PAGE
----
Let’s just cut to the chase and veer off the politically incorrect title. It’s a phrase we’ve certainly heard or used, so there’s no denying its existence. But aside from the conundrum of political correctness, let’s take a look at the following list which explains my frequent desire to cut my ears off and pluck my eyes out to be excused from the excruciating misery.

Granted, I may be looked at as a pedantic nit-picker, but it would be well worth the label if people start to keep these errors at bay. In keeping with our local news update about how the level of English at school-leaving age is going down to the sewers, I felt this list is very apt.

Space it! – The following are not, I repeat NOT words: ‘Goodmorning’, ‘alot’, ‘abit’, ‘thankyou, ‘goodluck’. Understand that these are non-existent! Honestly, who on earth decided to join the words? Did someone just go, ‘Meh, that space is a bit extra, I’ll just get rid of it.’ The intention is all well and good, and I guess it’s better to focus on the fact that politeness and etiquette are being practised, but for crying out loud, separate the words!

Please God, no – Please stop saying ‘Thanks God’. People should be fined for saying it. To clarify this mind boggling issue, the phrase is ‘Thank God’ sans the ‘s’. Some people should certainly thank whatever form of deity they praise when I control every muscle in my body not to shout out ‘It’s THANK!’



That is the question – Understand that the questions ‘Anyone knows…?’ and ‘From where…?’ are incorrect. This is elementary, or perhaps I’m being a tad pedantic, I don’t know. The correct way of formulating such questions are: ‘Does anyone know…?’ and ‘Where […] from?

Contractions – Learn the difference between ‘you’re’ and ‘your’. Of all the mistakes I’ve mentioned so far, I must say that this has got to be the worst. True, they’re homophones, but that magical apostrophe is the fine line between me smiling in relief or wanting to do a face palm.

More homophones – I beg of you, learn the difference between ‘there’, ‘they’re’ and ‘their’! Incidentally, these are also homophones and I know, the pedant within is wriggling its ugly head out, but I’d like to think adults who have an IQ level higher than that of a piżella would know the difference. But maybe it’s wishful thinking on my part. For sheer confirmation, ‘there’ is a demonstrative, ‘they’re’ is a contracted form of ‘they are’, and ‘their’ is a possessive.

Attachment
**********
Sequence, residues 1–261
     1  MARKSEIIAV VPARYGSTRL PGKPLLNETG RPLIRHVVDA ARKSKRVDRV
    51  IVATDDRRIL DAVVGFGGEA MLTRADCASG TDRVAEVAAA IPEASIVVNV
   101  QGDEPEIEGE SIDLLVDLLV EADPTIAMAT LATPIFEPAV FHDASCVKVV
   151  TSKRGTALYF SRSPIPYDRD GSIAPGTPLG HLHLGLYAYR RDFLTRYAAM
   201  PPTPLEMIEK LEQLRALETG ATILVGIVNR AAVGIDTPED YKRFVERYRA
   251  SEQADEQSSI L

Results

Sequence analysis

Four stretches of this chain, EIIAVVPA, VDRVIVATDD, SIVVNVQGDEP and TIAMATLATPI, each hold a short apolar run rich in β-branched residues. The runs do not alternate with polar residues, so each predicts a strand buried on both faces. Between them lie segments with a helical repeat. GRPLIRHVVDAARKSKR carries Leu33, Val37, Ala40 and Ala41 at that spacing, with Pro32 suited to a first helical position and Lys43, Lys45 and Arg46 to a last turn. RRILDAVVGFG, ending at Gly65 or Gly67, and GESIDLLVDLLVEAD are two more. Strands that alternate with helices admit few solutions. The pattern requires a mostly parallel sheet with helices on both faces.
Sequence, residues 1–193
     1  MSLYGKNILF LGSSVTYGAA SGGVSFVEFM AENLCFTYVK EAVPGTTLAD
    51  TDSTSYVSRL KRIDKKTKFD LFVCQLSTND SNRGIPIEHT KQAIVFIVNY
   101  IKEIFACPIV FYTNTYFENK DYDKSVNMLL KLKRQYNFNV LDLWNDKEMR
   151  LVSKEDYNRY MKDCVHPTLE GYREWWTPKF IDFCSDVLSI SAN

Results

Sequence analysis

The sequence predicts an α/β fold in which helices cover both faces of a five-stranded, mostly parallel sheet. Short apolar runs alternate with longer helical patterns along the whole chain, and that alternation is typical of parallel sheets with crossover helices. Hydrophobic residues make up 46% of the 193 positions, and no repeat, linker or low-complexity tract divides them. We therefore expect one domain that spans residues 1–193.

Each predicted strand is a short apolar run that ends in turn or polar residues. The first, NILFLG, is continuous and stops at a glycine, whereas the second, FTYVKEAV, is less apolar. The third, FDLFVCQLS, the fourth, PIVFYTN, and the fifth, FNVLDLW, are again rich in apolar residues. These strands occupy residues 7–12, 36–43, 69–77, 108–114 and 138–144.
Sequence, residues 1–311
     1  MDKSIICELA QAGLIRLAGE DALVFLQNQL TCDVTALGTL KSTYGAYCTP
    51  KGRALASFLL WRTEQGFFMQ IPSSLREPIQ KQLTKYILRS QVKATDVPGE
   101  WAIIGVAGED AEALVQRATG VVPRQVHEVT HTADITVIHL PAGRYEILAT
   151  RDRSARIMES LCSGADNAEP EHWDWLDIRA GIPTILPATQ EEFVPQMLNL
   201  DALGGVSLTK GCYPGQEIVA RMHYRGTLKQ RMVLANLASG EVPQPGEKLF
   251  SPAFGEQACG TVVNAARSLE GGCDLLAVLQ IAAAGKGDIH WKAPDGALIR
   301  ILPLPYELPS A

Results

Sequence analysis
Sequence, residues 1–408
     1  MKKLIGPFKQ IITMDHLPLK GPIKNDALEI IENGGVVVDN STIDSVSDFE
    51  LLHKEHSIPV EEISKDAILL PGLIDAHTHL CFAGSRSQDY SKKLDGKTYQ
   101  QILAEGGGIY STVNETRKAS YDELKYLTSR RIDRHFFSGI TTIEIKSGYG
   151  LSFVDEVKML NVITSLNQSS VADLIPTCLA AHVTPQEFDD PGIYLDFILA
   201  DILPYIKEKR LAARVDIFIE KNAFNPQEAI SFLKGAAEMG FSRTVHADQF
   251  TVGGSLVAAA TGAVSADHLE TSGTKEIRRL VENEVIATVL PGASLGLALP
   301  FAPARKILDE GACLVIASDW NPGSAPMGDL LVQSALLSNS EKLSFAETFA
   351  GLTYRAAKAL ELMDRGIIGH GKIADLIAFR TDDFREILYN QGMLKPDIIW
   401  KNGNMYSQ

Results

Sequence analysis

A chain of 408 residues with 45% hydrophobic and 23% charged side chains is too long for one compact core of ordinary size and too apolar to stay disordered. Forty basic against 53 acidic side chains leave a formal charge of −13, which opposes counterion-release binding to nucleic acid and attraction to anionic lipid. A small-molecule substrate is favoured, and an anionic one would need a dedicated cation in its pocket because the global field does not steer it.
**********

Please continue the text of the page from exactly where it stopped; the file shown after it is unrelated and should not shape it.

Possessives and even more contractions – The difference between ‘its’ and ‘it’s’; yet another defining apostrophe that marks the difference between a possessive and a contracted form of pronoun and verb respectively, which in turn marks the difference between me reading along or cringing at the sight of the error.

Flattery and matchmaking – Let’s not forget the hilarious confusion between ‘compliment’ and ‘complement’. Both are verbs, but while the first means that a person might blush in embarrassment when someone butters them up with sweet words, the other explains how one thing can go well or match perfectly with the other.

I always find it funny when people say how their ingredients compliment one another in a dish. My food never speaks to me! I need to discover where people are getting their articulate ingredients from. Joking apart though, I’ve seen this mistake way too many times to be okay with it. It’s got to stop.

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Allegations and assumptions – The misuse of ‘supposed’ and ‘supposedly’ is a very common and confused literal translation from Maltese to English. I sometimes wonder if I’m in the wrong for wanting to barf at its incorrect usage. ‘Supposed’ is an adjective. You’re SUPPOSED to know how to use the word. ‘Supposedly’ is an adverb: SUPPOSEDLY, he knows how to use the word.

Lost in translation – Another painful Maltese-to-English translation confuses ‘pretend’ with ‘expect’. Many think the Maltese verb tippretendi is the direct equivalent to the verb ‘pretend’. Wrong. The equivalent verb would be ‘to expect’. The verb ‘pretend’ means to act like something you’re not in real life.

I won’t stop whining about this – Complain vs. Complaint. There’s not much to explain here. One’s a verb, the other’s a noun.

So there you have it. A list that is by no means exhaustive, but pretty much sums up the most commonly misused, mistaken and massacred words in the English Language within the local context!



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